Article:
Below is the song, Epirotiko Mirologi, from phantom violinist Alexis Zoumbas. He was born in Epirus, Greece in 1883. The following text is an excerpt from an article by Christopher King about the life of Alexis Zoumbas. Read the whole article right here.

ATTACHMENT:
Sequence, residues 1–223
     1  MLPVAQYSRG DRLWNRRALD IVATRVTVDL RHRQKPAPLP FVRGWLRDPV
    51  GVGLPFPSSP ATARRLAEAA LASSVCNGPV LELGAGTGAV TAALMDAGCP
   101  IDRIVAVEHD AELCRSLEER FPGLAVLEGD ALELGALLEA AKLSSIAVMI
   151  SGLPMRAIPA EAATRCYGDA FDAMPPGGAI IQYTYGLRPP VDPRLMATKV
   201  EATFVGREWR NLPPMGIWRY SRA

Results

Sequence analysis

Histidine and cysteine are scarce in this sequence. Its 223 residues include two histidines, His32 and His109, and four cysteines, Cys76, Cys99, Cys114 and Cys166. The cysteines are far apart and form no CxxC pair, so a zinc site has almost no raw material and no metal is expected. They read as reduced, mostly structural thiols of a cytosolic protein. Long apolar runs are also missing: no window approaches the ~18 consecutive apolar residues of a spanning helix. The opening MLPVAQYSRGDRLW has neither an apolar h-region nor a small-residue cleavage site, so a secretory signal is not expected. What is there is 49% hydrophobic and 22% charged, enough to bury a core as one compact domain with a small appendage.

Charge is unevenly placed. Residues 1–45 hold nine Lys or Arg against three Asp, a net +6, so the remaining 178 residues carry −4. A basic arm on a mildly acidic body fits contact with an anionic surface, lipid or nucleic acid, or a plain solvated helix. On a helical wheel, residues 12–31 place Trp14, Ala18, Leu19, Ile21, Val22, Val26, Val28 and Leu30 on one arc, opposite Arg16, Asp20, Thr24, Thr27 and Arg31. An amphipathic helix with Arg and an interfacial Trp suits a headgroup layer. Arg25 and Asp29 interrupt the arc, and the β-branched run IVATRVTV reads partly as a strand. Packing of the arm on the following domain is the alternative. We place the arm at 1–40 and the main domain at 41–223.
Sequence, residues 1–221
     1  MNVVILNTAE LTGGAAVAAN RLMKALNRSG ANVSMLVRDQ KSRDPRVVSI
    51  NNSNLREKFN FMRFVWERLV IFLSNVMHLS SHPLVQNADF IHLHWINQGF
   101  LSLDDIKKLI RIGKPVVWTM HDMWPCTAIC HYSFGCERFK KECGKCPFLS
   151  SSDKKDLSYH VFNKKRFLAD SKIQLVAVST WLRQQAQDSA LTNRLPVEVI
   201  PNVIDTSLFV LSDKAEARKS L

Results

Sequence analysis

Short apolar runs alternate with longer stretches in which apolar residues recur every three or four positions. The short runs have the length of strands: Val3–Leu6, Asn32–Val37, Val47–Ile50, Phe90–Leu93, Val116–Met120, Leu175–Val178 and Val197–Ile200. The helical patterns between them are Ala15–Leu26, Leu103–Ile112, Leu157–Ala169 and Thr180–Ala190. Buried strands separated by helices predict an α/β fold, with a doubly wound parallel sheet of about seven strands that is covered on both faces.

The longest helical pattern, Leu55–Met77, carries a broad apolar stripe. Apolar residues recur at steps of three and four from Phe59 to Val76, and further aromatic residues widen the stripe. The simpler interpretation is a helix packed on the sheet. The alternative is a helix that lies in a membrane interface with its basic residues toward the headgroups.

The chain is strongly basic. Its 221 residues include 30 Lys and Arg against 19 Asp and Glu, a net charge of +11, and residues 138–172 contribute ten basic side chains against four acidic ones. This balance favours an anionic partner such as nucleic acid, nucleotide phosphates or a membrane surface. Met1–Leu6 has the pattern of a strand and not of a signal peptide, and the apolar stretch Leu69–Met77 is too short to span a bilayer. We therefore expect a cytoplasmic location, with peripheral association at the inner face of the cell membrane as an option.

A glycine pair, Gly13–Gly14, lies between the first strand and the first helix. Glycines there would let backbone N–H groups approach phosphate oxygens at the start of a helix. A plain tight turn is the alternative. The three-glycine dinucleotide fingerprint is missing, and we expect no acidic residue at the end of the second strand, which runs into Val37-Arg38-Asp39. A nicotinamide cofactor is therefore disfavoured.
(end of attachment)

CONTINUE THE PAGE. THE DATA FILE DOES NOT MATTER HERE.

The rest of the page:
Villagers and musicians from Epirus believe that a unique body of melodies, played principally with the clarinet and violin, give psychological healing to all those who listen to them: a harmonic panacea. The two tunes most strongly identified with Epirus are the mirologi and the skaros, both improvised pentatonic instrumentals, with free melody and meter but regionally defined tonal emphases and embellishments. They’re ancient and primal. The mirologi was originally a vocalized funerary lament, sung over the body or next to the grave of the deceased for several years until the earth consumed the flesh; after that, the bones were exhumed, bathed in wine, and placed in the village. Mirologi are found throughout ancient Greek literature, in the epic poems and tragedies. At some point, the keening of mourning women was transformed into an instrumental that’s central to Epirot music and culture. This dark, melismatic piece is played at the beginning and at the end of the traditional feast-dances in Epirus, the paniyeria. (From the Paris Review http://www.theparisreview.org/blog/2014/09/22/talk-about-beauties/)